Wednesday, June 06, 2007
The Jakarta Post, Jakarta
A legislator who once served time for attempted murder requested Tuesday the Constitutional Court review the Law on Regional Administration in order to allow him to participate in a regency election.
Muhlis Matu, a member of the Takalar regency legislative council in South Sulawesi, claims that Article 58 of Law No. 32/2004 infringes on his rights to run as a candidate for deputy regent in the local election.
The article states a person who has been imprisoned for more than five years cannot become a candidate in a local election.
"This article discriminates against my client because it bans any person from running for office if that person has been imprisoned for more than five years. In our opinion, the limitation of participation should be based on the kind of crime and not on the length of the prison term," Muhlis' lawyer, Januardi Haribowo, told reporters after the hearing Tuesday.
Citing as an example the nation's founding fathers who had been imprisoned during colonial times, Januardi said a person having served five years or more is not necessarily a hardened criminal and is not necessarily dangerous to the state or the people.
"It also has been proven that the local people have accepted him. They even elected him as a regency council legislator," Januardi said.
He cited the fact that Muhlis' candidacy for the legislature had never been questioned. It was not until he decided to run for the post of deputy regent that his criminal record came into question.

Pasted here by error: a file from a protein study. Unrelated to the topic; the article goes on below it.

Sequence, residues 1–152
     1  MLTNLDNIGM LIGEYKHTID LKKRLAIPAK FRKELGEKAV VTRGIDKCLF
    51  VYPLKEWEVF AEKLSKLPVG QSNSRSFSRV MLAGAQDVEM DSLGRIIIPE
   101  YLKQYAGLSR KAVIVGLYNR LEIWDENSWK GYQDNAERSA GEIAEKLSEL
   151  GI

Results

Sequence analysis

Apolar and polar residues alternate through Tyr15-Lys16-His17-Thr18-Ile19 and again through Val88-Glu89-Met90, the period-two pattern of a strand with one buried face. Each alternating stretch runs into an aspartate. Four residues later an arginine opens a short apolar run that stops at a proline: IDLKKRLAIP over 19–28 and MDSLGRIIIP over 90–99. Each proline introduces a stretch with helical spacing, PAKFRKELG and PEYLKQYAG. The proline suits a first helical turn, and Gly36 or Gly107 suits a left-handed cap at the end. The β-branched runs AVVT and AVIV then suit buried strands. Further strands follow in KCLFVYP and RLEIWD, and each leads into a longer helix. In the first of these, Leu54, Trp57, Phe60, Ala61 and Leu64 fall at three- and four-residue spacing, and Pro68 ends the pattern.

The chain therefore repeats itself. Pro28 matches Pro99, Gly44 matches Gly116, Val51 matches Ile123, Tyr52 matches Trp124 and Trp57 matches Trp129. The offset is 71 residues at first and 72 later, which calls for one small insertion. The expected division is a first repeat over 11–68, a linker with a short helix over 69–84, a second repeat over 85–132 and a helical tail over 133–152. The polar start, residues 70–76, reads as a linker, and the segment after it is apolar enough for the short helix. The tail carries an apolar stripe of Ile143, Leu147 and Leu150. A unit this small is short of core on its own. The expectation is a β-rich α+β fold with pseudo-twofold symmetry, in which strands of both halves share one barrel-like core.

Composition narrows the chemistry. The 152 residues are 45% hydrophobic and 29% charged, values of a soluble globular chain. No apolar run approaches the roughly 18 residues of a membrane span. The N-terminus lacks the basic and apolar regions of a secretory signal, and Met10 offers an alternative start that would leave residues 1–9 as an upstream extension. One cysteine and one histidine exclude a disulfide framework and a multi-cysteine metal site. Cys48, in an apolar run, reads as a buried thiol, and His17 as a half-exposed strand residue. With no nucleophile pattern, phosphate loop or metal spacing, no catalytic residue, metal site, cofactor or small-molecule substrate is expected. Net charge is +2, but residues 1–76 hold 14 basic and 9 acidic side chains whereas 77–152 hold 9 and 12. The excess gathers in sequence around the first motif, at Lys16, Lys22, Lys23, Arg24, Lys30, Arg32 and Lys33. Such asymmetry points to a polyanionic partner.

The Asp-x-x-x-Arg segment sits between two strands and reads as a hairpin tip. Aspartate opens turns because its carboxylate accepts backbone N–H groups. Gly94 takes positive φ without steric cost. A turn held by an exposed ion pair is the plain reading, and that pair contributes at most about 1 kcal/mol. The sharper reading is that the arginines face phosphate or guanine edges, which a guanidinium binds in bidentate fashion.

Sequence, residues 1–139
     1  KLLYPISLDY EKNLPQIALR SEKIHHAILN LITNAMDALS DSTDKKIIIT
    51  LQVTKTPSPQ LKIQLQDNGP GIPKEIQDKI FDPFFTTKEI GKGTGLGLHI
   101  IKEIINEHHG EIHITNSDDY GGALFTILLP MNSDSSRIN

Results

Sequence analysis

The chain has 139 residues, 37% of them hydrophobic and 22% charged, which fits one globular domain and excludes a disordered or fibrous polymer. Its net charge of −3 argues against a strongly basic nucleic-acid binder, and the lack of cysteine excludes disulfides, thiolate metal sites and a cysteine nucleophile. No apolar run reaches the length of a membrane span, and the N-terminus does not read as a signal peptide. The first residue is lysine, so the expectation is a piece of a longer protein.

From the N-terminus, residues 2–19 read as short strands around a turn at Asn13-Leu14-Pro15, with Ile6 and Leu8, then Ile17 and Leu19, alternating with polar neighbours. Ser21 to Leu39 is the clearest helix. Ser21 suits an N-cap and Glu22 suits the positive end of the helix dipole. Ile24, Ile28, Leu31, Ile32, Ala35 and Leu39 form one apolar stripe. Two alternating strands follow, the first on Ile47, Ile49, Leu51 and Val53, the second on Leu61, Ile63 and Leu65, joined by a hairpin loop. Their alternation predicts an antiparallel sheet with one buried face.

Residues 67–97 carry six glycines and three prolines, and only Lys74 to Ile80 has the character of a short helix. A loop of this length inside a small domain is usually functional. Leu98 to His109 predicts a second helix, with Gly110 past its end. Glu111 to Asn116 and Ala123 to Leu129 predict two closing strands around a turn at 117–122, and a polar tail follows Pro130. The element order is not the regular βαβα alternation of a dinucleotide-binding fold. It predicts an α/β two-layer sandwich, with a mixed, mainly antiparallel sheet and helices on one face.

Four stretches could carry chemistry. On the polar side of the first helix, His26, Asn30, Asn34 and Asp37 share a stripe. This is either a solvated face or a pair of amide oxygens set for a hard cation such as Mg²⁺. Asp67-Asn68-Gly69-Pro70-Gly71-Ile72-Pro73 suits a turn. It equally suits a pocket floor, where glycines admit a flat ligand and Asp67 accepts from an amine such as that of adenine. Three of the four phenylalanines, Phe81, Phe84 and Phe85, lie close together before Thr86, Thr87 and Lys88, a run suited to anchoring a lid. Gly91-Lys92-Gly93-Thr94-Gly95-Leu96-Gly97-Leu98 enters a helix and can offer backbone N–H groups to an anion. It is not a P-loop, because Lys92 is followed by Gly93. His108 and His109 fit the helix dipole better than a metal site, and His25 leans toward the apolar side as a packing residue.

Muhlis was imprisoned for nine years in 1982 and after serving five years, he was released in 1987. He had been imprisoned for attempted murder stemming from his adherence to the local tradition of siri (revenge).
"Siri is a powerful tradition of defending someone's dignity and honor among the Makassarese. Someone will feel very ashamed if he does not defend his dignity," Januardi said.
Januardi also claimed the 2004 law contradicted articles 27 and 28 of the 1945 Constitution, which assure equality before the law and assure that all people should be free from discrimination.
In response to the application for review, Judge I Dewa Gde Palguna said the application was clear and systematic, but Muhlis' team of lawyers needed to cite more appropriate definitions of discrimination as stated in the 2000 Law on human rights, and also needed to provide more explanation about the plaintiff's reasons for attempting to take revenge.
Januardi said the team of lawyers would immediately revise the application and submit it to the court as they had to meet the deadline for candidacy applications at the end of June. (02)